Acetone is a widely used industrial solvent, including in nail varnish remover. Currently, it is obtained from fossil fuels, as a by-product of phenol production.1 Attention has recently turned to the green production of acetone from renewable biomass resources which involves fermentation of sugars present in materials such as corn stover, wheat straw and switchgrass. The resulting fermentation broth contains acetone in very low concentrations along with two by-products, butanol and ethanol. If the acetone cannot be recovered in an energy efficient manner, then it will simply be lost as waste material. We can develop catalysts that selectively absorb acetone from these dilute mixtures and transform acetone into higher value chemicals.

1 F. E. Liew et al, Nature Biotechnology (2022), 40, 223-344

A beaker of paper waste beside tubes of acrylic paint

Paper sludge to acrylic paint

Paper recycling facilities generate wastewater containing a lot of paper sludge. It is high in polysaccharides – particularly cellulose – which can be broken down and fermented by bacteria to produce several products including lactic acid.1 Traditionally produced from fossil fuel, there is growing demand for lactic acid in many areas including food, pharmaceuticals and cosmetics. Obtaining lactic acid paper from sludge waste provides a green route to a number of chemical products while eliminating the issue of disposal. One of these products is acrylic acid – widely used in acrylic paints – which is created by dehydration of lactic acid with a catalyst.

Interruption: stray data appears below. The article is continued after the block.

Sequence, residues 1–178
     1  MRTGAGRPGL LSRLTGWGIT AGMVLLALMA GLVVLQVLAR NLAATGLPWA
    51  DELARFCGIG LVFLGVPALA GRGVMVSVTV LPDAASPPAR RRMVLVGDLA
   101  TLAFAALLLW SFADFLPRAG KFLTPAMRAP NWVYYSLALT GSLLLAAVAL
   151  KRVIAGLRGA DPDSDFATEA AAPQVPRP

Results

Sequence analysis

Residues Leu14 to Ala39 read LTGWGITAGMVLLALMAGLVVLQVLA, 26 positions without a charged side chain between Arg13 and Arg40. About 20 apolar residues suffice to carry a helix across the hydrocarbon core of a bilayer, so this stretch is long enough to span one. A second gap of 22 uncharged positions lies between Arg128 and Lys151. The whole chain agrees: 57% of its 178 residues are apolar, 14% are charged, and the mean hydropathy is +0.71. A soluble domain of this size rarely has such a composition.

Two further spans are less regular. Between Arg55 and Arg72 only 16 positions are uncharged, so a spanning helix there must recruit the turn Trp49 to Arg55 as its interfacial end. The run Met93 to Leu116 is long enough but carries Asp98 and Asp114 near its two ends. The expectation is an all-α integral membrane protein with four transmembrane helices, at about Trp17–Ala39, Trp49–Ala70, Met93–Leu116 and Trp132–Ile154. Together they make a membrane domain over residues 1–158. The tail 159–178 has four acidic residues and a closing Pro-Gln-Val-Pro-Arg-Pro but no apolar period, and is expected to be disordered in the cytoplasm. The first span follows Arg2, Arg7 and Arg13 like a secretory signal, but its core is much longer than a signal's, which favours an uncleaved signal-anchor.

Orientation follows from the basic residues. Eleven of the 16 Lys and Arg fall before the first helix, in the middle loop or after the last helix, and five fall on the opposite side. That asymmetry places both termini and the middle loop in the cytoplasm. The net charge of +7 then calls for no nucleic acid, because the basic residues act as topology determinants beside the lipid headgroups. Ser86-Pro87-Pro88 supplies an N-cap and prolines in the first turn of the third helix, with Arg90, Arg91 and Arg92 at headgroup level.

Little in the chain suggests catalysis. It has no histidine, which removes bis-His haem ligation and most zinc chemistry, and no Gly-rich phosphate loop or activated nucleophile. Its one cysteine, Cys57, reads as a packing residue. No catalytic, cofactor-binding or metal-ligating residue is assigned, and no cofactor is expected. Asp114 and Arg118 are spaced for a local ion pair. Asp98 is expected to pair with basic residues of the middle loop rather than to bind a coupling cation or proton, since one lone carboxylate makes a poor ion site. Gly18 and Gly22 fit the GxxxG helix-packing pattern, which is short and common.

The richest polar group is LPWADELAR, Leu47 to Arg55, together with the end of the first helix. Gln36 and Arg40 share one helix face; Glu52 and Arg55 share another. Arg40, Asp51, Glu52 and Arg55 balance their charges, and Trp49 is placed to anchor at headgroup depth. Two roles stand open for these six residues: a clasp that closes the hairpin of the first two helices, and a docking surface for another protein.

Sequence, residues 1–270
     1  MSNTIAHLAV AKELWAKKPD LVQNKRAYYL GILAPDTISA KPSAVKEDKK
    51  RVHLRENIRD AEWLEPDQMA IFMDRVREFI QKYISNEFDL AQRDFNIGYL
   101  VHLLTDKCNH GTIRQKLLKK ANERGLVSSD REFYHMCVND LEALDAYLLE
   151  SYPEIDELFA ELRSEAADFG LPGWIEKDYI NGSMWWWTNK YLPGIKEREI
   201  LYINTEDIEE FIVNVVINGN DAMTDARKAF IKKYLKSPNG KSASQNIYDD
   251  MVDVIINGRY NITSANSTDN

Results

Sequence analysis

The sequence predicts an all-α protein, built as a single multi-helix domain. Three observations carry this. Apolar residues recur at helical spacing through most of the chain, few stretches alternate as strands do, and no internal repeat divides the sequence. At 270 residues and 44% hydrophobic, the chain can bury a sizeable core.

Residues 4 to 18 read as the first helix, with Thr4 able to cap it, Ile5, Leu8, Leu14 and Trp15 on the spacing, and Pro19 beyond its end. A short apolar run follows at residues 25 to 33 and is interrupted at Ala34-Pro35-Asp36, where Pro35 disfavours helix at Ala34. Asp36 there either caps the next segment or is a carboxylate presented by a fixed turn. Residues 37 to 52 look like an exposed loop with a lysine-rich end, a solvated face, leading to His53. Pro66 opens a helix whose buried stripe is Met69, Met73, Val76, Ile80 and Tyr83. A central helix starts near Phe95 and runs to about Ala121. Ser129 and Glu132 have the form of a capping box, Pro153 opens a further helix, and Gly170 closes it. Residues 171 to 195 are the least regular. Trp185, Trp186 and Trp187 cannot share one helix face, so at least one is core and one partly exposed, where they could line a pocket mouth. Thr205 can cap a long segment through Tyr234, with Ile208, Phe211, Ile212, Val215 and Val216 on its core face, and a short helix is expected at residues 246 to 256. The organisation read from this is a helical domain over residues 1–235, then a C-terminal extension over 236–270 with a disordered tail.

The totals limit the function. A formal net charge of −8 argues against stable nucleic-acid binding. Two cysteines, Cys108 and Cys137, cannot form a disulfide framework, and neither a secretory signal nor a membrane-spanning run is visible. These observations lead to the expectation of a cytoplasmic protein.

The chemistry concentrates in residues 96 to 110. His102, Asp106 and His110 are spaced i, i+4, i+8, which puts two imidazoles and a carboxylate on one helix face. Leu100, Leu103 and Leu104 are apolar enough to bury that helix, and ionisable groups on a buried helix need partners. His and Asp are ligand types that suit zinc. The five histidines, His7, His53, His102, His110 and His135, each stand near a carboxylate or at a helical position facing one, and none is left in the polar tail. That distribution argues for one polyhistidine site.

1 S. Marques et al, Biochemical Engineering Journal (2008), 41, 210-216

A flask of wastewater beside a gas cannister

Refinery wastewater to combustible gas

There are many alternatives to crude oil including municipal solid waste, wood chips from wood mills and agricultural waste. Processing these materials creates a lot of wastewater due to the water content in the feedstock or the applied reaction conditions. The valorisation of the wastewater is essential for the economic feasibility of biofuel production. Aqueous phase reforming is a catalytic process which can be used to convert organic contaminants in the wastewater into a mixture of combustible gases. The utilisation of these gases increases the efficiency of a refinery by reducing waste production.